15 Book Reviews submitted by our Members...sorted by voted most helpful
Jennifer W. reviewed The Complete & Up-to-Date Fat Book: a Guide to the Fat, Calories, and Fat Percentages, in Your Food on
Book lists over 15,000 food products by name and in many instances by brand. It states the amount of fat and calories in each food and provides the percentage of calories derived from fat. This is very helpful when you are trying to eat healthy. It even lists foods from popular fast food places.
Includes over 15,000 entries, nat'l brands, fast food items, health foods, regional products, Kosher foods, homemade recipies, frozen entrees, snacks, diet foods, low fat foods, desserts, prepared mixes, new microwave foods & more..all you really need to know...do most of the calories in your "98% fat-free" food come from fat?
Over 15,000 food items from natural foods, prepared and processed foods, health foods and fast foods. A thick food list book telling the item, serving side, fat grams, percentage of calories are fat in the food. This was published in 1991 before the FDA required that grocery food label products contain this information, I believe.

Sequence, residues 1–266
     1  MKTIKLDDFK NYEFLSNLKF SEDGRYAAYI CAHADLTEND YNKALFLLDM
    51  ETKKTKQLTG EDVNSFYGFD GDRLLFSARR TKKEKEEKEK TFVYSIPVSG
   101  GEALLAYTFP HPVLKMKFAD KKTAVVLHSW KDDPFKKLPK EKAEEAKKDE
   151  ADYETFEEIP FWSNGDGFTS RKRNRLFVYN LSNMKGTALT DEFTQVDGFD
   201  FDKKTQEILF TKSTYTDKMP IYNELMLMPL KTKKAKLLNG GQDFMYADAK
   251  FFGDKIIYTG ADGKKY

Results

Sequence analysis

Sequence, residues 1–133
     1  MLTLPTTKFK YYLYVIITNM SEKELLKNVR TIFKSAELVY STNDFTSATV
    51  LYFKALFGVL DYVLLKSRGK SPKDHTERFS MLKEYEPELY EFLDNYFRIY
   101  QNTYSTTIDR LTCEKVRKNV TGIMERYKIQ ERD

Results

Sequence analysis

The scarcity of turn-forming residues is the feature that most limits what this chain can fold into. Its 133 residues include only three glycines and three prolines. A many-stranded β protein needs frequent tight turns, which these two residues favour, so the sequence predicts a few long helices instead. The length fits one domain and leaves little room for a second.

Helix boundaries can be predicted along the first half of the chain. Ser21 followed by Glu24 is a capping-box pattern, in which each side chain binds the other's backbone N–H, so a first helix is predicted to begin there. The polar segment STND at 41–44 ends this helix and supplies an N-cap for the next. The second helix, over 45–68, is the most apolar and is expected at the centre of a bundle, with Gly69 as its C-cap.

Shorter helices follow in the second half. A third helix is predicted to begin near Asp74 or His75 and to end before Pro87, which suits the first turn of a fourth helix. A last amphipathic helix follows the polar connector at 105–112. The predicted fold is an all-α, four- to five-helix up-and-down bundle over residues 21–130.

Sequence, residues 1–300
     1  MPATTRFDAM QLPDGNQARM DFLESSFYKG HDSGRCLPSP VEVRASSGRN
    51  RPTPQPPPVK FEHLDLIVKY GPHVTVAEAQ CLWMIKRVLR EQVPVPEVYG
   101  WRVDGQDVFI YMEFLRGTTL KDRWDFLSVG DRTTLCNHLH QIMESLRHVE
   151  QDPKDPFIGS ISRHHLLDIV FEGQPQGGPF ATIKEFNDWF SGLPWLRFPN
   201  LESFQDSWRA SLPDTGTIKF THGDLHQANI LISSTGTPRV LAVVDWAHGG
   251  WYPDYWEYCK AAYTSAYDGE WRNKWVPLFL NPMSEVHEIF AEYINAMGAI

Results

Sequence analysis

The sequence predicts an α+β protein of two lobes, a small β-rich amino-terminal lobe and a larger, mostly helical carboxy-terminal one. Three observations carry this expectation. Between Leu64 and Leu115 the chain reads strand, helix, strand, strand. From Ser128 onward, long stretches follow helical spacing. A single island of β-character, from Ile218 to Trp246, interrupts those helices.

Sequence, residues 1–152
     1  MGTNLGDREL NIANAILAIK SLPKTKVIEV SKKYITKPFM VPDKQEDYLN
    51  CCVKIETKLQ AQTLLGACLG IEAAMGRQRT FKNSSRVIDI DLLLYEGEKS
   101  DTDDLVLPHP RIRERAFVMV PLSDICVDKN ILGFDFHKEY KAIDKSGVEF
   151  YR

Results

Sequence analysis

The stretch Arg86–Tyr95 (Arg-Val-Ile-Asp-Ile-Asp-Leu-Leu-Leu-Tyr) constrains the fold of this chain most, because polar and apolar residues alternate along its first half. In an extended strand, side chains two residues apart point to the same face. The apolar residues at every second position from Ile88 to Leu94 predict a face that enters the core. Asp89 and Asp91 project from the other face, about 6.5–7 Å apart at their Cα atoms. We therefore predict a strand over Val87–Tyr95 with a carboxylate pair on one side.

A guide to the fat, calories and fat percentages in your food. Includes over 25,000 entries. National brands, Fast Food Items, Health Foods, Snacks, Diet Foods, Desserts, Prepared Mixes, and much more!
The title of this book does not lie: it tells you the fat content of every food imaginable, from raw alligator (14 percent of its calories are derived from fat) to zucchini (9 percent, unless you're talking about Ore-Ida breaded zucchini, which has eight grams of fat per serving). The back of the book contains a useful guide to the fat in fast-food and chain-restaurant fare (Denny's Moons Over My Hammy has 66 grams of fat, which is a full day's worth for many people). The front of the book contains an interesting and accessible introduction to fat: what it is, what it does, how much of it you need (and you do need some), how to cut it out of your diet a little at a time.
Have used this book for ten years!, September 5, 2005
Reviewer: Pamela C. Niles (Brookings, OR)
I have the first edition of this book and have continually referred to it over the years. One reviewer here noted that fat content isn't differentiated into type (mono, saturated, etc.). That's true but I believe the focus of this book is to provide total fat and caloric values for weight loss purposes. Thus, the type of fat isn't so important since too much of any type of fat will increase body weight. If you want that sort of information, buy a different book. However, the Fat Bible would be a better reference book if there was other nutritional values included, i.e., carbs, protein, etc. That's why I rated it 4-stars. Still, I've just added the newly revised 4th edition to my cart, as my old copy is worn and no doubt out of date (pub. 1991). I recommend the Fat Book for anyone serious about ongoing weight control.